The Pouch: The Dark History of the Sanderson Sisters

The Pouch: The Dark History of the Sanderson Sisters

Lexie Root, President of The Pouch

Many know the Sanderson Sisters as the three comical yet powerful witches – with an immense craving for children’s souls – from the classic film Hocus Pocus. While the sisters are portrayed as magical individuals with evil plans to keep themselves young, the reality of the innocent and wrongfully convicted women in which their characters are based is a tragic story.

The paranoia of witches started in 1692 in Salem, Massachusetts, in which girls “as young as 4 and as old as 72” were put on trial for practicing witchcraft (Bivins). 20 people were executed, including two of the three Towne sisters.

Rebecca Towne Nurse, Mary Towne Easty, and Sarah Towne Cloyce were the original sisters of Salem who inspired the iconic roles of Winifred, Mary, and Sarah Sanderson. However, the Towne sisters were almost the opposite of their inspired characters. Rebecca Towne, a 72-year-old grandmother, was a highly respected woman of her community. When first accused, she was originally found not guilty of witchery – until a group of young girls claimed she had inflicted “evil” upon them. With no solid evidence, Rebecca was hung for witchcraft. The next sister to be accused, Mary, was also known to be a kind woman. The same group of young girls that accused Rebecca stated that Mary was using her powers to control them. While praying for her sister, Mary clasped her hands together, asking for her freedom. One of the “afflicted,” Mercy Lewis, imitated her clasped hands, claiming she could not move them until Mary did (Bivins). In addition, when Mary tilted her head, the girls accused her of trying to break their necks, leading to her execution. The third sister, Sarah, was the only Towne sister that escaped with her life. According to Jan Beattie, descendant of Rebecca Towne, Sarah was smuggled out of a private jail by her husband after being convicted, and they spent the frigid winter hiding in a cave (Oklahoma).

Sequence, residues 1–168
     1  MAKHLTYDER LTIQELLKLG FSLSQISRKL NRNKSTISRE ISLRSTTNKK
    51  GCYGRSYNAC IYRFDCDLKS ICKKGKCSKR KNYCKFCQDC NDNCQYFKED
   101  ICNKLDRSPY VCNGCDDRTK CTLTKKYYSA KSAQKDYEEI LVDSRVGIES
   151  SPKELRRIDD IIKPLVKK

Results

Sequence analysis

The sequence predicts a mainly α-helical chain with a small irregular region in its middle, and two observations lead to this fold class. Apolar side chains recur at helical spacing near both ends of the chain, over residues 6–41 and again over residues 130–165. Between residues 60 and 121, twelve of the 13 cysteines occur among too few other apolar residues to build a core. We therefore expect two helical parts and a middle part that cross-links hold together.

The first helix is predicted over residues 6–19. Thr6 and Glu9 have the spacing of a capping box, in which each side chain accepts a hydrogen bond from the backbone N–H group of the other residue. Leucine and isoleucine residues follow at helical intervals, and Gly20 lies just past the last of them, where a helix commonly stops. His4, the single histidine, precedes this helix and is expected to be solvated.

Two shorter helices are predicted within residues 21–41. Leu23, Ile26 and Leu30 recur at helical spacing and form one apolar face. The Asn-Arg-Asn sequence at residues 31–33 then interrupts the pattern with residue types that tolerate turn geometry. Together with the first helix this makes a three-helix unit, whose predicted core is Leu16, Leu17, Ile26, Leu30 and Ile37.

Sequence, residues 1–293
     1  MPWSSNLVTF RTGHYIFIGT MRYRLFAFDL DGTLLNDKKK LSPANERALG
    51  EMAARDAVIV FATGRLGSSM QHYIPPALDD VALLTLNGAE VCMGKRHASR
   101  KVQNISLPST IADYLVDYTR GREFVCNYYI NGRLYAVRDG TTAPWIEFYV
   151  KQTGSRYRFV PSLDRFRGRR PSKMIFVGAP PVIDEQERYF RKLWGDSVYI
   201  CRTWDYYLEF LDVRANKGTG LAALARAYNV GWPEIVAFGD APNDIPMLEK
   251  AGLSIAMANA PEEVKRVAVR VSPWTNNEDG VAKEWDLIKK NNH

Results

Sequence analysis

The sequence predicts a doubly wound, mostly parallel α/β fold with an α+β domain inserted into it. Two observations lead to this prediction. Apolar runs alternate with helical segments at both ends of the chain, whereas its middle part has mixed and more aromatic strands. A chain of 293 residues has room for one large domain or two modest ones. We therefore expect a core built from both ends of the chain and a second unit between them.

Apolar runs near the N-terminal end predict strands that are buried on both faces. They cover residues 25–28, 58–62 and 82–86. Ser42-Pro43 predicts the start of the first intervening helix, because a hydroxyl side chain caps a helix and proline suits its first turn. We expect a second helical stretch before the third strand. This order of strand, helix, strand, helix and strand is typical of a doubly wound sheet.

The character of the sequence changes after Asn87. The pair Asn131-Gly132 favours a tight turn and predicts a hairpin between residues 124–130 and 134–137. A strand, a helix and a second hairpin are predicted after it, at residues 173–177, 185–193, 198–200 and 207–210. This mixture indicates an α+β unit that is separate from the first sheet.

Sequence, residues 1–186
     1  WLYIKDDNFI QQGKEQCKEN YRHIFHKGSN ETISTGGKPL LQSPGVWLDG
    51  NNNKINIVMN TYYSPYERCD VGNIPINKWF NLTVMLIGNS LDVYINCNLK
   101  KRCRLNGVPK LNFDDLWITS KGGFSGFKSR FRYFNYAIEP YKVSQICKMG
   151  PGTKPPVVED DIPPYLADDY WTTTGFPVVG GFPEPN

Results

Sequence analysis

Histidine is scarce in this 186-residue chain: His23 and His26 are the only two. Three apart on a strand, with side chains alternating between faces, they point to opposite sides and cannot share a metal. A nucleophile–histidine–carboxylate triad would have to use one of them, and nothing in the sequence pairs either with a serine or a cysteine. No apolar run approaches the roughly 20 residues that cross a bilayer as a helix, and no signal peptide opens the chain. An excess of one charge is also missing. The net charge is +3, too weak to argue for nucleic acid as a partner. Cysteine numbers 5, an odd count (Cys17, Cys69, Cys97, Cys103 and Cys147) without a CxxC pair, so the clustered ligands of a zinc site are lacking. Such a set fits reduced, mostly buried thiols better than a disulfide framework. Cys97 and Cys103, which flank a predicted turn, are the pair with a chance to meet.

In 1692 and 1693, over 200 people were accused of witchcraft, and 20 were executed. The witch hysteria grew so great that two dogs were even executed as familiars. Many believe that there was true witchcraft practiced throughout the 17th century; however, none of the “witches” that are known to have been executed in the trials were proven of their powers.

Those accused were not picked at random, though. In fact, some see it as a result of separation in class. Most accusers were farmers, while those put on trial lived near or operated successful businesses on the main road to Ipswich. Others believe that the group of adolescent girls, with their unusual behavior of convulsing and screaming whenever they were around “witches” had eaten grain contaminated with fungus, causing them to hallucinate, but there were never any definitive answers (Oklahoma).

And as Max Dennison would say, some believe it was all just a bunch of “hocus pocus.”

Bivins, Jill. “The Sanderson Sisters Were Based on Real People!?!” DisneyDining, 8 Oct. 2022, www.disneydining.com/did-you-know-the-sanderson-sisters-were-based-on-real-people-jb1/

History.com Editors. “Salem Witch Trials.” History.com, A&E Television Networks, 4 Nov. 2011, www.history.com/topics/colonial-america/salem-witch-trials.

Oklahoma, Michelle CharlesCNHI News. “A Tale of Three Sisters: Edmond Genealogist Shares Bewitching Story of Her Ancestors’ Trials in Salem .” Stillwater News Press, 26 Oct. 2019, www.stwnewspress.com/news/local_news/a-tale-of-three-sisters-edmond-genealogist-shares-bewitching-story-of-her-ancestors-trials-in/article_0f4d64fe-8c36-5198-b000-88b2ce367e99.html.